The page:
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XXII.

Yield them a feeling in the common good,

A something they might lose by civil broil, And all will work right well :-well understood ;

Ye trust in them, they give their honest toil,

Nor e’er perplex you with abhorr'd turmoil.-
Thus, then, the head, nor perverse, stern, nor sour,

The noble blood, as rich, as bland as oil,
The limbs all healthy,--what a mass of flour
Might soon be ground by such a strong Horse Power !

A strong
Horse Power.

XXIII.

Let honest John Bull have his laugh.

A simile express for good John Bull.

John likes a little fun, and vont nor vill Despise a joke, howe'er against the rule

Of parlour poetry.--Besides, a mill

Is such a blessing—so I'd deem a still,
Did it not fan a flame, which John don't want ;

For he can fight, with hardy fist and will,
Without a dram.--I wish we could supplant
That cursed gin by ale I fear we can't.

XXIV.

A young lady's impatience.

Nay, now dear Raymond, 'tis beyond all bearing

Must poor Cologne for ever be neglected ?
Should thus you stray, the critics will be swearing,

They'll spurn the Bard, whom they had else protected;

Perhaps may taunt him foolish or affected.
No fear, my Alice, thou art much too wary,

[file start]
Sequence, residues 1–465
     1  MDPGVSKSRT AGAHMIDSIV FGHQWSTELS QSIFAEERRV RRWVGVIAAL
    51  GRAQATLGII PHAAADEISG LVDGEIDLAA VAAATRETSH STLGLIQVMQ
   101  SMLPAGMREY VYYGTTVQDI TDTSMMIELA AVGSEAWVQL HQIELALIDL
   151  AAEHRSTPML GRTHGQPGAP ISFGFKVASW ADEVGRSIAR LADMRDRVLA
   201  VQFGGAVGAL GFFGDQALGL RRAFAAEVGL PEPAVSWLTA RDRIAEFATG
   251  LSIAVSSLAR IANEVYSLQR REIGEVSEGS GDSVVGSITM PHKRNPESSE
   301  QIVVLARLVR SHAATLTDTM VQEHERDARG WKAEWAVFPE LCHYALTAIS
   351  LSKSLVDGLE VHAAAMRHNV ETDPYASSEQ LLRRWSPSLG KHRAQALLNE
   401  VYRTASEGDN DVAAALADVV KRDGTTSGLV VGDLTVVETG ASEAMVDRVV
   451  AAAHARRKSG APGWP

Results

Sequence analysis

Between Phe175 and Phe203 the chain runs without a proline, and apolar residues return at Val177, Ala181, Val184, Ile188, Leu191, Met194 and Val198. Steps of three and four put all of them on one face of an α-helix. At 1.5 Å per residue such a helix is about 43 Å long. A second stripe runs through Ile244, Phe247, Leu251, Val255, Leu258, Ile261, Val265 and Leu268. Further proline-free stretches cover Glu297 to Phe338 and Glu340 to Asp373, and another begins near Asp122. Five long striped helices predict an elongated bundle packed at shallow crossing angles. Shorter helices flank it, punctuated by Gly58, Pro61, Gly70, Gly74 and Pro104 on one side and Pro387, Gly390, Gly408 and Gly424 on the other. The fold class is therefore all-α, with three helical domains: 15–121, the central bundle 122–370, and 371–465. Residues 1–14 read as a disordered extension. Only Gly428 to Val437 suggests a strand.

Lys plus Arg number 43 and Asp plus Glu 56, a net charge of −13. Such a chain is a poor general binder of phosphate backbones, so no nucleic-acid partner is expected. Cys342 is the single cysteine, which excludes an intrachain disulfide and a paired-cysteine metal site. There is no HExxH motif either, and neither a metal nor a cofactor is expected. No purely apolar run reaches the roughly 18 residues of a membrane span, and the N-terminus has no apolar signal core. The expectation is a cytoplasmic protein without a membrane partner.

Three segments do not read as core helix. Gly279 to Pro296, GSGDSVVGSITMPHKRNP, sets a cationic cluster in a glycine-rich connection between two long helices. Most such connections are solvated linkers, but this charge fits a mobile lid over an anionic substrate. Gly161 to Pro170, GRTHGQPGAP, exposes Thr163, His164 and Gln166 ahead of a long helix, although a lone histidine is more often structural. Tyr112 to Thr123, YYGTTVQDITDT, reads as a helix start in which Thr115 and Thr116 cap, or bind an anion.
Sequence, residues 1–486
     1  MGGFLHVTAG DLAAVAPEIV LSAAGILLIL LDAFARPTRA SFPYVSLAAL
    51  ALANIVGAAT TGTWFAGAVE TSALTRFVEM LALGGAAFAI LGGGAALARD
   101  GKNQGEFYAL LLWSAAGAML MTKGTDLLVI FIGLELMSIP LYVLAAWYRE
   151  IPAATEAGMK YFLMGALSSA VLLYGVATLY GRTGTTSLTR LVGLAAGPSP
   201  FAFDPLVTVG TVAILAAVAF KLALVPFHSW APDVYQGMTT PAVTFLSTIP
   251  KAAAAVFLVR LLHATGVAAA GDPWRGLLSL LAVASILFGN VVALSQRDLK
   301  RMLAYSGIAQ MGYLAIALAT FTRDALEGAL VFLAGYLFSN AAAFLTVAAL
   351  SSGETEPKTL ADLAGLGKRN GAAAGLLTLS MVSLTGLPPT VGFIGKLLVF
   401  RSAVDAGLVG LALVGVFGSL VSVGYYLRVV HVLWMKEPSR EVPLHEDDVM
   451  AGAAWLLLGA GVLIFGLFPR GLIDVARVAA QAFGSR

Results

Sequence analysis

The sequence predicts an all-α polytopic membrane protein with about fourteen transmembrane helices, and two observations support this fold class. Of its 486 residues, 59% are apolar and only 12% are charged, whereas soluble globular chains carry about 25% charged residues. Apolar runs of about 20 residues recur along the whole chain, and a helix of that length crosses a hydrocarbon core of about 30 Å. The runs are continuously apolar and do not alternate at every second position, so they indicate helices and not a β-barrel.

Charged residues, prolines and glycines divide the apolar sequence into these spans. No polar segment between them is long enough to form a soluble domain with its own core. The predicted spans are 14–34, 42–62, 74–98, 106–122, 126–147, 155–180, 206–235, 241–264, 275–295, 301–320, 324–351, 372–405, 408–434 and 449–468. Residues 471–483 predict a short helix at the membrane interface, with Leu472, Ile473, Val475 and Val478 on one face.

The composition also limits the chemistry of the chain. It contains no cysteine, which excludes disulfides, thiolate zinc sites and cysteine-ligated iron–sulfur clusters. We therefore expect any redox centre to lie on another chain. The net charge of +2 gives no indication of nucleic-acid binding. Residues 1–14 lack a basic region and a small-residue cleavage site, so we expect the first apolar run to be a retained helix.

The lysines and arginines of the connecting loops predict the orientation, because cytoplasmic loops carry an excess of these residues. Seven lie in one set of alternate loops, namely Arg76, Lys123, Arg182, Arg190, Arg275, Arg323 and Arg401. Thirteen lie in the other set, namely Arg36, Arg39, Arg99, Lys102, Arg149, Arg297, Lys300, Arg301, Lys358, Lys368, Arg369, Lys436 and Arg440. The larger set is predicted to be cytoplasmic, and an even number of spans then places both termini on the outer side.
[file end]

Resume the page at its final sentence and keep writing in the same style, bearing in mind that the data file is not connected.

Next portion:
To let him wander far, and undetected ;
Henceforth, so careful art thou grown, and chary,
Methinks thou must be styled his guardian fairy.

XXV.

Towns like

states decline.

We've seen, how, after years of jocund peace,

So towns decline, as well as mighty states :
So sank of old, great Carthage, Rome, and Greece,

Cologne 1 first felt that faction desolates-

1 The civil discords, which were so injurious to Cologne, commenced by contentions betwixt the manufacturers and the nobles, whose power the first disputed. Point after point was yielded to them, till at length they assumed the whole authority. This excited the jealousy of the people, who united with the patricians whom they formerly hated, and the trades.

Then thousands, skilful hands, which trade creates, Fled from the fury of outrageous sway:

And thence it is, that Vervieres fondly dates, And Eupen, too, (long kept at cruel bay) Their busy looms, and happy holiday.

XXVI.

Yet further ills for thee, Cologne, in store :

Ills ! rather horrors—so they prov'd to be. At Papal nod—that power we must deplore

How many mourners sped from obloquy !

Poor Israelites ! indeed, I pity thee ! How houseless left, in want and woe,

Or perish'd ʼmidst the flames ? !—'Tis sad to see What man, presumptuous man, by one false throw Can lose; nay, worse, can glory in the blow !

many

The Jews driven out of Cologne.

men were subdued. Many were killed in battle, some executed, and the rest, to the amount of 18,000, banished to other towns, which they benefited much by the introduction of useful arts and industry. Hence the prosperity of Aix-la-Chapelle, Vervieres, Eupen, &c.- See Resume de l'His. toire des Villes Libres du Rhin par Engelman, p. 297, 298.)

1

At two different periods the Jews, at the instigation of the Pope, and other bigots, were driven from Cologne, under the most heart-revolting

G

XXVII.

Obdurate race ! doom'd ever to be driven :